How to Shortlist Patents for Subjective Analysis
After identification of core patents, the remaining ones which are non-core should be studied in detail before being discarded. Instead of studying all non-core patents at once, we can prioritize them based on various quality indicators.
The main quality indicators for subjective analysis are – claim scope and the ease of evidence identification. We can also check the current market applicability of a patent or its future value in the subjective analysis.
Finally, based on this analysis and these parameters, we can decide the set of patents that should be considered for pruning and can be taken forward for subjective analysis thereafter.
Subjective Analysis – The Process
Subjective analysis is basically done for non-core patents, during which we follow the below steps:
- First, we check whether the patented technology is being implemented in any of the third-party product offerings.
- If yes, then the patent can be recommended for renewal or for exploring licensing/sales. If no, we need to further check if research is ongoing in the field of invention of the said patent.
- In case the research is ongoing, it can be recommended for renewal or for exploring licensing/sales.
- If yes, we can discard the patent. If not, then we can check whether the technology has become obsolete.
Subjective Analysis – An Example
In the case of a large network device manufacturer, objective analysis is performed to categorize patents as core and non-core patents. Then, the non-core patents are evaluated based on certain other parameters. Resultantly, some patents will have medium claim scope and low ease of identification while others will have high claim scope and high ease of identification.
Therefore, by combining both objective and subjective analysis, we can identify the patents which should be renewed to generate money and the ones which can be discarded. Furthermore, according to the F3 analysis model, fringe patents have the least potential for value generation and include monetizable, lean and obsolete patents. Monetizable patents are crucial for start-ups or companies in a different domain, lean patents have no family member under prosecution and obsolete patents are not used in any of the current products/services. To generate money from these fringe patents, we can do the following:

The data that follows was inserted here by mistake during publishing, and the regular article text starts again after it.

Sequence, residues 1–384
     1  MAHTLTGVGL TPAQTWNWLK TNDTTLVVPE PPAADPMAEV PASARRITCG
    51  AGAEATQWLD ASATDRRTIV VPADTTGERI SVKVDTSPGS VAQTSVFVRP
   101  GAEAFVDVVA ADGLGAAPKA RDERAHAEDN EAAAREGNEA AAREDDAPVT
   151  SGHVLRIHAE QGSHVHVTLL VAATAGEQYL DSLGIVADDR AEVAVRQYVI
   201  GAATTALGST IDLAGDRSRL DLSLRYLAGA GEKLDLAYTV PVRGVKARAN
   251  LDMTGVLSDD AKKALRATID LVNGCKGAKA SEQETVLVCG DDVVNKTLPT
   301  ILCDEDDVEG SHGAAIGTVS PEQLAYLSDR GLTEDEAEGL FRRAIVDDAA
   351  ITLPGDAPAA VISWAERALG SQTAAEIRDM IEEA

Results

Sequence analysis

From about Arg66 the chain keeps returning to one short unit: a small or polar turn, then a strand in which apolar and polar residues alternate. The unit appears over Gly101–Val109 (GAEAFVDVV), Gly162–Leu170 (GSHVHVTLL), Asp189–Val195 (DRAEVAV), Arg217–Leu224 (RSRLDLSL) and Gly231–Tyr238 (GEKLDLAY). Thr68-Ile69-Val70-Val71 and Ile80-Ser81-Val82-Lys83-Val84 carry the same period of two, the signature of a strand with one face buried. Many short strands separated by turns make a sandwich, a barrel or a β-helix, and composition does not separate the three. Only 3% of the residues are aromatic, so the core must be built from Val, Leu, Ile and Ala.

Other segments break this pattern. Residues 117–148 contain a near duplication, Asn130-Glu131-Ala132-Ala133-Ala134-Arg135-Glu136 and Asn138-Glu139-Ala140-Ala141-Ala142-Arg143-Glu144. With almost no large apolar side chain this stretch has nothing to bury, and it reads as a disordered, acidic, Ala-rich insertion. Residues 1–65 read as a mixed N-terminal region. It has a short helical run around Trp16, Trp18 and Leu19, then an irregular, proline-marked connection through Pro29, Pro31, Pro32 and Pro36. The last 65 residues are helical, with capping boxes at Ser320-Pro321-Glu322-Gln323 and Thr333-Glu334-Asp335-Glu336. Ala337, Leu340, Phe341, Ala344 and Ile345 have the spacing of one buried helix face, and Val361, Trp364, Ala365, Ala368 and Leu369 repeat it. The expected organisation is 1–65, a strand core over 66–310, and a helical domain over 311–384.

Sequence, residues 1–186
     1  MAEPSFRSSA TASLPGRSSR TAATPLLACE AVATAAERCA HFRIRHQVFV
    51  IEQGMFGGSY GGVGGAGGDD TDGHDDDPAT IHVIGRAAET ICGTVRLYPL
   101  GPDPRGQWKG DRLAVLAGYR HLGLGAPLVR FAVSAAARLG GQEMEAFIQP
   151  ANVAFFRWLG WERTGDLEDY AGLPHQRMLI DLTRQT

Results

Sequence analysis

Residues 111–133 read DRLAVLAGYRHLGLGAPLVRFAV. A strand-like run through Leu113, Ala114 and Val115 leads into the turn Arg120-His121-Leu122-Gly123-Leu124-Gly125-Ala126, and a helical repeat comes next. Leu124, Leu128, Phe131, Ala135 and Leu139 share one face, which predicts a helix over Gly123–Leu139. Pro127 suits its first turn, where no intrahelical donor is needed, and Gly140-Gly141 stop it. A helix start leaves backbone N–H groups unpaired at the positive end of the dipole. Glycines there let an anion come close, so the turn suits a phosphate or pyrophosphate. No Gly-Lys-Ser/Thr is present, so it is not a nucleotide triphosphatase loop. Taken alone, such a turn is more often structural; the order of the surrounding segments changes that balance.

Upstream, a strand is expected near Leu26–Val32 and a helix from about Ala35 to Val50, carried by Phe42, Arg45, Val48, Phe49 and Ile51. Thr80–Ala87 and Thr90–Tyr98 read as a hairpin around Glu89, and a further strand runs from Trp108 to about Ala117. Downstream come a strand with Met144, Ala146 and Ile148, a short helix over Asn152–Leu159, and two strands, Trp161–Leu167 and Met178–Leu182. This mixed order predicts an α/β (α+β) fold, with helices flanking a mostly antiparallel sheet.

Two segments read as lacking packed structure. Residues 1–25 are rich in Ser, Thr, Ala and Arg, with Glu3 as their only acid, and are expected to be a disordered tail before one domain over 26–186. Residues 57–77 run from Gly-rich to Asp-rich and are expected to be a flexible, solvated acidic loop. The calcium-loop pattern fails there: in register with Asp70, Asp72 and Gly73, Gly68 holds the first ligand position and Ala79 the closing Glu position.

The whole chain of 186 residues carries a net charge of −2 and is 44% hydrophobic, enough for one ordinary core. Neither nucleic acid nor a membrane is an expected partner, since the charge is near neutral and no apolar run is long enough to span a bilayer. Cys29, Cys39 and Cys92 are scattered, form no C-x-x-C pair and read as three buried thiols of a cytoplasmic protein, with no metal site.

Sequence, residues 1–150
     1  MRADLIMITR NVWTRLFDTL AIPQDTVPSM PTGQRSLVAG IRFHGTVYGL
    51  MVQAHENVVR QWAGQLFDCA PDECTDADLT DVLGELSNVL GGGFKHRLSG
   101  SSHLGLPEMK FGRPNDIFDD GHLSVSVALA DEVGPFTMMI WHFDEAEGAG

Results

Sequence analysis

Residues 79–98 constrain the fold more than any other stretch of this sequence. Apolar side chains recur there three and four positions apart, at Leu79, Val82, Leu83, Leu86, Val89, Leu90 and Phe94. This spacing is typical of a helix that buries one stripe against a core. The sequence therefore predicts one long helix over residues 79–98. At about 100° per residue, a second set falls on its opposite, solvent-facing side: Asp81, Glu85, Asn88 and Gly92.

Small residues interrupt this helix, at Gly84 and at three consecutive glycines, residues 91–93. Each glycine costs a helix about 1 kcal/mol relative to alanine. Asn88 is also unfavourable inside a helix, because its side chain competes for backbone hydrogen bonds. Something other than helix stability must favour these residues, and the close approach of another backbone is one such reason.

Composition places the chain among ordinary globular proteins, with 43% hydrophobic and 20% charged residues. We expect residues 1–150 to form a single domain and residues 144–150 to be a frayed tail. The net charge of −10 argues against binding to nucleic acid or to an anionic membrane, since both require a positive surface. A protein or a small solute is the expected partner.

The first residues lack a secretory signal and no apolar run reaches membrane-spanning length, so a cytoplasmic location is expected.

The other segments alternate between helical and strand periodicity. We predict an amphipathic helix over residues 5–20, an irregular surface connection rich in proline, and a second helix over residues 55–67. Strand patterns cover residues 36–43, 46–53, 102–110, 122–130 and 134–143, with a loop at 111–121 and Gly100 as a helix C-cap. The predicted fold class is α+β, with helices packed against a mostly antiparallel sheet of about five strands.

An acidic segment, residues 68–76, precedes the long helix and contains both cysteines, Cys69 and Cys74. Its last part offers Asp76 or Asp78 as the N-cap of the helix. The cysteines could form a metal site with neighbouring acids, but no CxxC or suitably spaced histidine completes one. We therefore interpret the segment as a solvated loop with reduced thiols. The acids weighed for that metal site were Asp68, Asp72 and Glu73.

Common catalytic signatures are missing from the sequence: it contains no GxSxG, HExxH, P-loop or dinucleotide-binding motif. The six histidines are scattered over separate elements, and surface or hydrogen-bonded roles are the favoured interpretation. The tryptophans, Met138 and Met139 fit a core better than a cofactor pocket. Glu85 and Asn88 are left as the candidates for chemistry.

Sagacious IP undertook a project to help a Fortune 25 Cloud company with over 10,000 patents. The objective of the project was to either save money or generate revenue for the company. After pruning over 100 patents, we generated revenue and reduced expenses by:
- Increasing patent sales.
- Pruning over 40 patents that were 7-year-old and more than 60 patents that were 11-year-old to save costs.
Patent pruning allows businesses to categorize patents and ultimately discard low-quality ones to increase the overall value of the portfolio. Sagacious IP, an award-winning IP research solutions provider, has been offering various IP services and solutions to its clients across the world. Be it ranking a patent portfolio or assessing possible licensees, our patent licensing and monetization services enable you to generate money from your IP. Click here to know more about this service and click here for our webinar on this subject.
– Amit Kumar (ICT Licensing) and the Editorial Team